What's Required For SBA Lending?


When seeking out a traditional business loan, most business owners prepare to put up a significant amount of collateral, often including business property, equity, and personal assets. However, collateral requirements for SBA loans are more flexible than the average term loan, providing numerous advantages for many businesses.

Common Collateral Misconceptions

The collateral requirements of SBA loans are the source of many common misconceptions. Business owners often come into the process assuming if they don't have ample assets for collateral, they won't be approved for any SBA loan program. This is not entirely accurate when taking the full scope of SBA lending programs into account.

At the same time, it's important to note that all SBA loans require some form of collateral from the borrower. Lenders of SBA loans need to meet the administration's minimum requirements, but make final collateral determinations on a case-by-case basis. Lenders are looking for proof that business borrowers have some "skin in the game." Collateral for SBA loans may take on many different forms, including:

  • Business assets such as real estate or equipment
  • Accounts receivable or inventory
  • Personal assets of the business owner

The type and total value of collateral required by an SBA lender can also vary depending on the breakdown of equity in the company held by each owner or previous lender.

What To Know About Personal Guarantees

While the details surrounding collateral for SBA loans can vary widely depending on the unique situation, there is one requirement that all of the administration's lending programs share. All loans insured by the SBA require a personal guarantee from every owner with a 20 percent or greater equity stake in the business. Personal guarantees may also be requested from key executives or other senior-level managers.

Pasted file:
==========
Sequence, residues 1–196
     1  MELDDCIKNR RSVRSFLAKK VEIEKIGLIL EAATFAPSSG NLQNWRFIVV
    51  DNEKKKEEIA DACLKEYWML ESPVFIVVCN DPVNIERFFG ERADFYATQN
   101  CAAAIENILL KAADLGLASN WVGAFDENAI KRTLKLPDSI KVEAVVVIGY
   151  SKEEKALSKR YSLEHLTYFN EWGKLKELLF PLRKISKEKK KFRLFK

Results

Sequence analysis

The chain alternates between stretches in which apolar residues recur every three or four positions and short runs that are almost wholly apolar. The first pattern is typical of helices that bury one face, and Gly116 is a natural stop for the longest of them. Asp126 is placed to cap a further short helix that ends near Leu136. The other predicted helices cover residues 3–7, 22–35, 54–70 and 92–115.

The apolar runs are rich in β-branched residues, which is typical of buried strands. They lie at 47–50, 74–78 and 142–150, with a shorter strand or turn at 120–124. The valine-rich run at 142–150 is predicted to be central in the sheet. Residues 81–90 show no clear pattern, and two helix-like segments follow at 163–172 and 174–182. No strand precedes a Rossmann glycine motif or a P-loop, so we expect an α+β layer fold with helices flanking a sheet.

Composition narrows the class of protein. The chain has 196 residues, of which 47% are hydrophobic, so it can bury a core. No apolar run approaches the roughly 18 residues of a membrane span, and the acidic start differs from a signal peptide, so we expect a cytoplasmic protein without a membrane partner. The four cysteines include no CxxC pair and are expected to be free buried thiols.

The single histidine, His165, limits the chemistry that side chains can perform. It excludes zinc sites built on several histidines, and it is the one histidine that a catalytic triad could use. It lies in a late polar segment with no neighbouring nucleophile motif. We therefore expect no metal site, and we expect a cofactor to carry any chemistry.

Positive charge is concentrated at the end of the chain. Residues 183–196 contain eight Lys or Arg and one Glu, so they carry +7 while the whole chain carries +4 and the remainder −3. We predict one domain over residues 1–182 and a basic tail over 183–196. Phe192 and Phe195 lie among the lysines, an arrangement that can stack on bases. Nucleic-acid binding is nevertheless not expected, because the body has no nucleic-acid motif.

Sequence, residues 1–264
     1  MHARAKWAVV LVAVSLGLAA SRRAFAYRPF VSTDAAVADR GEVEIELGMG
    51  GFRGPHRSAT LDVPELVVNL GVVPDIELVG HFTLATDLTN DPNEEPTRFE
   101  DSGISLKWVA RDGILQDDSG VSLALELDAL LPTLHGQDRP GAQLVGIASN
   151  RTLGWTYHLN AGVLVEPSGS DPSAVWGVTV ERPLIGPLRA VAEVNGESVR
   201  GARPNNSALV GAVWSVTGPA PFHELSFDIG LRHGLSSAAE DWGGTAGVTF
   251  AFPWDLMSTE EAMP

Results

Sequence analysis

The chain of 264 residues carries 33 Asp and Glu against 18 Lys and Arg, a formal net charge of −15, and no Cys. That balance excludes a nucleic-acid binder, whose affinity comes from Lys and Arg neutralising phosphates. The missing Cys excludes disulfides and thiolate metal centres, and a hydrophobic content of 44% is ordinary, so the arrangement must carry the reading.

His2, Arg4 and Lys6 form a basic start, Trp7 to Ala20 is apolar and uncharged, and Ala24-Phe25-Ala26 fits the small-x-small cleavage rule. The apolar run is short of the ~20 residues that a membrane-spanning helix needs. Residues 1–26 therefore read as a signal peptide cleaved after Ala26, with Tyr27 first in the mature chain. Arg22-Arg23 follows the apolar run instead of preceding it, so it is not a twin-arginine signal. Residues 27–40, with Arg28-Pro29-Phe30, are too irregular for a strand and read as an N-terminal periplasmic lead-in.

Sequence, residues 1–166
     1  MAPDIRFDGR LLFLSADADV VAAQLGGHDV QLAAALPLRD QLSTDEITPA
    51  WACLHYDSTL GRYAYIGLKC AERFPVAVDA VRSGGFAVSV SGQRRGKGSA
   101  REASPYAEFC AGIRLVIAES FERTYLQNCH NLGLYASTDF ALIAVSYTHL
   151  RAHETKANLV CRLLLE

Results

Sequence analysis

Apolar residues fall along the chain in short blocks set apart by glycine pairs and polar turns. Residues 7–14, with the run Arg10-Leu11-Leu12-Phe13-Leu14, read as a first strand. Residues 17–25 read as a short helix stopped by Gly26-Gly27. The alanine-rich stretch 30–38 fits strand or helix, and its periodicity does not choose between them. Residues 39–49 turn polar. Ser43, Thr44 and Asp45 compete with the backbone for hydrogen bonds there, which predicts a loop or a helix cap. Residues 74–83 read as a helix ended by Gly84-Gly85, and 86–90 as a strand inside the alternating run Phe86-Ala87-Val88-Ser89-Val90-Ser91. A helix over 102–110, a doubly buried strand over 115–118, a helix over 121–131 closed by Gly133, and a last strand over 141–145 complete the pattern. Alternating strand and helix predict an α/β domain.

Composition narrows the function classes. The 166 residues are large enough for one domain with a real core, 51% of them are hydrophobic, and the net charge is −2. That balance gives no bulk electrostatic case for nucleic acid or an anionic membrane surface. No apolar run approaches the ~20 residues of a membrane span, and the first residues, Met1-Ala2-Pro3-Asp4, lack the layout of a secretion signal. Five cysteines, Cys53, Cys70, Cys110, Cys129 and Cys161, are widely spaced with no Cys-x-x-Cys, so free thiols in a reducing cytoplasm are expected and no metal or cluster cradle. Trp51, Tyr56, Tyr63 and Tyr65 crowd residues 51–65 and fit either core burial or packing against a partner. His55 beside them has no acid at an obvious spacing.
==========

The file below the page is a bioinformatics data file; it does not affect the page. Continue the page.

A personal guarantee is a legally binding document acknowledging that the business owners or executives involved are personally responsible for repaying the loan. Without a personal guarantee, lenders feel less confident in extending credit to a business. Personal guarantees involve a level of risk for business owners as their personal assets such as real estate or savings could be on the line if the business cannot meet the loan’s repayment obligations. But that risk comes with a significant reward — access to reliable financing from a trusted lender.

In turn, the lenders themselves can more confidently establish and maintain their relationship with a small business. More specific details on minimum collateral amounts and limits are set by the SBA. Beyond that, individual lending institutions set their own policies for the collateral they need from each business. In the end, collateral is just one piece of the puzzle for SBA loans.

Lenders at First Business Bank are involved experts who can help position your business for success as it grows. With a wealth of contacts and industry-specific experience that our clients use as a competitive advantage, First Business Bank partners with you as a trusted lender that your business will never outgrow.